By Monty Style
Day 6 – Martindale to the Uco Valley, Mendoza
Flew 90 minutes from BA’s Jorge Newbery airport to Mendoza in a comfortable Embraer of Aerolineas Argentinas, the state-owned carrier. Their route map shows “Las Malvinas (Arg.)”. On arrival we took possession of a brand new rented Ford Eco Sport. Obliged to sign a statement that we would make a special contribution to repair costs “if we rolled it over”. Supposedly happens quite often.
Drove south on route 40 past Luján de Cuyo and Chacras de Coria through scrubland, then turned west to Tupungato, climbing gently up to 1200m., 90 minutes from Mendoza. We are staying 2 nights at Posada Salentein [guesthouse of eponymous winery], which sits on a wooded crest amid their vineyards looking east down the Uco Valley. A good dinner accompanied of course by Salentein wines: Chardonnay, Sauvignon Blanc, Malbec 2013 and a sparkling wine of late harvested grapes.
Day 7 – Uco Valley, Mendoza province
Spent morning and lunch at the Salentein winery. A monumental concept which goes way beyond wine. Physically it is:
– A strange chapel, much smaller than the 2 main buildings but similarly low and made of concrete (relieved inside by ancient wooden pews, also gray). The chapel stands alone in an imaginary straight line connecting at 200 m intervals winery, central building and chapel.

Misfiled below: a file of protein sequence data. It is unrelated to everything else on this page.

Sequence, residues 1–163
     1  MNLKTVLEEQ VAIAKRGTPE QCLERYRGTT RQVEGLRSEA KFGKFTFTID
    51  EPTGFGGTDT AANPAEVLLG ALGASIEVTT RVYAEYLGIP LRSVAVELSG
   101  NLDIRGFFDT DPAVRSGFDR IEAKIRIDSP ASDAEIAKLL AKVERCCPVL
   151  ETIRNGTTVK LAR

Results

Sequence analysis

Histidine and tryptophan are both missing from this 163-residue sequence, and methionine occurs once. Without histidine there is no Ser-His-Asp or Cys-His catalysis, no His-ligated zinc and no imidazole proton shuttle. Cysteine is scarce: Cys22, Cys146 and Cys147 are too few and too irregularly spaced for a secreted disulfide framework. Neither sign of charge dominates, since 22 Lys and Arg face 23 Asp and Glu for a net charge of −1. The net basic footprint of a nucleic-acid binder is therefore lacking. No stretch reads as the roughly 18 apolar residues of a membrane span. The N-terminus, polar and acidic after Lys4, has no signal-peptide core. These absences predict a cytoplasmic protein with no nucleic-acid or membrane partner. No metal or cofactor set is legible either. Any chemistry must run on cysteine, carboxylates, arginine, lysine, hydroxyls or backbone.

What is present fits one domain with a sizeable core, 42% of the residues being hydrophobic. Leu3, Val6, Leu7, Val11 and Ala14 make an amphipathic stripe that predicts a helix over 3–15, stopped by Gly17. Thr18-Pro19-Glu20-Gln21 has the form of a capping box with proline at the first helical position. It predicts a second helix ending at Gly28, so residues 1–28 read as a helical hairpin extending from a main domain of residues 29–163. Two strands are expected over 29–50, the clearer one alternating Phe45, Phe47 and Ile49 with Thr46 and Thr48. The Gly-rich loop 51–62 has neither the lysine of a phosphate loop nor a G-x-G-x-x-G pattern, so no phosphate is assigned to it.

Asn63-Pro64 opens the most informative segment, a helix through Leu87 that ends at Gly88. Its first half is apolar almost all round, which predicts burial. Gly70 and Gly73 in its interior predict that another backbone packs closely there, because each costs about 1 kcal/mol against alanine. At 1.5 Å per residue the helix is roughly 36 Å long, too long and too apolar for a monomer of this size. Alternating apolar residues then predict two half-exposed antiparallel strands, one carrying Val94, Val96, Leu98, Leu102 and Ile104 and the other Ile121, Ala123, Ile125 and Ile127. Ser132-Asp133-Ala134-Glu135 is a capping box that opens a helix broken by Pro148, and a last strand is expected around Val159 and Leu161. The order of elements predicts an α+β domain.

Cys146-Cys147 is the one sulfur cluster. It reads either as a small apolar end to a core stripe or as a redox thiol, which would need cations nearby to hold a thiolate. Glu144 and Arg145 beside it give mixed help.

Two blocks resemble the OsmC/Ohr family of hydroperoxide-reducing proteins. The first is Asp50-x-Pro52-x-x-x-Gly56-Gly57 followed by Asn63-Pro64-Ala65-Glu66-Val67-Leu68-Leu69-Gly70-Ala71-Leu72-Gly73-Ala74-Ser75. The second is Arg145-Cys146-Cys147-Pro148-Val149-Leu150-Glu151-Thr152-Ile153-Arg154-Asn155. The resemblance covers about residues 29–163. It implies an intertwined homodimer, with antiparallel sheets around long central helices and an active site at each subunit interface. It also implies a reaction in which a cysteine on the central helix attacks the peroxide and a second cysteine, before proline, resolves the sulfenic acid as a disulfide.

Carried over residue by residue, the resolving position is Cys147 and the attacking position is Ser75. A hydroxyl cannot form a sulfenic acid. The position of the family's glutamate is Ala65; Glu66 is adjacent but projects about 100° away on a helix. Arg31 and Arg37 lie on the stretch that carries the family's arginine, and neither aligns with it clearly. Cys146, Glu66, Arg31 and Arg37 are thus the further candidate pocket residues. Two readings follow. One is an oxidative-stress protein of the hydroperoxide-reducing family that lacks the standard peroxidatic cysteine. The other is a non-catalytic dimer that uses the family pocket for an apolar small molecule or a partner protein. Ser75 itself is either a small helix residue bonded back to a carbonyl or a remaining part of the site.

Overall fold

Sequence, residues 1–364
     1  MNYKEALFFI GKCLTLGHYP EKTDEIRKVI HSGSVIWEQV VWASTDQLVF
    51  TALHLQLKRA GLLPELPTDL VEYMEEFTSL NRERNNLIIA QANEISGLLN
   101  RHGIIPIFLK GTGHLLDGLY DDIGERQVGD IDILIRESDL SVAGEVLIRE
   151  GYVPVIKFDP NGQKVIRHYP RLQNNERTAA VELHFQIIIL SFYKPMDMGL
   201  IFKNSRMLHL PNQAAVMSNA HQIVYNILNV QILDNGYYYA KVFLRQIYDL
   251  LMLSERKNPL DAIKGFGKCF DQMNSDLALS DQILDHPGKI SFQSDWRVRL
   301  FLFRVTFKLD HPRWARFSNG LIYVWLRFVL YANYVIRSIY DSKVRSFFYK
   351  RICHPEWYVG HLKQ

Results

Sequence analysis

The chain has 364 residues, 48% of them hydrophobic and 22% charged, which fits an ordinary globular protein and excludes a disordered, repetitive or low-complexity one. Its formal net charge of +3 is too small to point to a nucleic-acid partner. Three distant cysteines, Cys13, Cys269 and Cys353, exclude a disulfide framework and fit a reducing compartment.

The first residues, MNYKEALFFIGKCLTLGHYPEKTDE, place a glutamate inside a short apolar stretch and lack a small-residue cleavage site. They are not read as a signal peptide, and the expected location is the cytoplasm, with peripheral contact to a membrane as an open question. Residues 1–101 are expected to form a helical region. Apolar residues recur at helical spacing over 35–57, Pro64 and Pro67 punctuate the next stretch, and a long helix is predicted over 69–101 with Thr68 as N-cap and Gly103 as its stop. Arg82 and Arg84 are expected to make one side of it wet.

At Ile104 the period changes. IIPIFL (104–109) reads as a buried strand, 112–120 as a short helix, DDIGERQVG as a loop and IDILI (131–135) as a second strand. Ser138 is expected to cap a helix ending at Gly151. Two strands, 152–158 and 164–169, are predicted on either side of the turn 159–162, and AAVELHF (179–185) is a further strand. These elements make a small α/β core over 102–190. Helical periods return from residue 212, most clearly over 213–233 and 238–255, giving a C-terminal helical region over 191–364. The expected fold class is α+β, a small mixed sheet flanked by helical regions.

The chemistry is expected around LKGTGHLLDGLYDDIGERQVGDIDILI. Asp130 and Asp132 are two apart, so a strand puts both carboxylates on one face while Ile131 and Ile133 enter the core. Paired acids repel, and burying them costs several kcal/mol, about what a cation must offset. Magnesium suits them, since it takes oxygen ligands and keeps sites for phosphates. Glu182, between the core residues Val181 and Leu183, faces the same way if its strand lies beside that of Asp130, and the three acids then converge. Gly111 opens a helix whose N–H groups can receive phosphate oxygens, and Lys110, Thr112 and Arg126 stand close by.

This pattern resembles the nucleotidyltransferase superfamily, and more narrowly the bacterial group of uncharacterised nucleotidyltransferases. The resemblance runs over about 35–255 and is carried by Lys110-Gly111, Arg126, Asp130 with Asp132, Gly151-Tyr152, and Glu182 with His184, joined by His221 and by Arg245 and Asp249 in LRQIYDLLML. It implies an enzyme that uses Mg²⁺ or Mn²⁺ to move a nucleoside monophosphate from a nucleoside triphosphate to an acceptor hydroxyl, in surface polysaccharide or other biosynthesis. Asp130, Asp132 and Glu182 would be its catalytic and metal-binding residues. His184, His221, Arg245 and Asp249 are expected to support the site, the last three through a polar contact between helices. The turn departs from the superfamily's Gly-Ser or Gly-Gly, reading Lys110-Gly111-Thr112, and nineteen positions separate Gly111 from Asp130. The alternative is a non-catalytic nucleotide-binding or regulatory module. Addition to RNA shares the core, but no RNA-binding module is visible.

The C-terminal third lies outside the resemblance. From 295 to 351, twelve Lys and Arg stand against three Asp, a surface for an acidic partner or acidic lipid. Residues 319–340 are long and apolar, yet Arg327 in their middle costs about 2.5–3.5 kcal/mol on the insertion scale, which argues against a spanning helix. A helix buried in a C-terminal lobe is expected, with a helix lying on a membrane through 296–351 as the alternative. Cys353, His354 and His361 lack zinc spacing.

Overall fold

Young guide Mauricio gives us an informative tour of the winery. A massive steel, domed roof hovers over a central cylindrical space off which fermentation, maturation and tasting take place. At level -1 gleaming new steel fermentation tanks of several sizes occupy a vast hall which opens off the central space on 3 sides: tanks as far as the eye can see. They produce 18 million bottles p.a. which in Argentina, as we are told, is not a lot. Roughly 2 million under the Salentein brand, the rest labelled as Portillo or bottom of the range Callia. Prices range from US $ 2 to 50.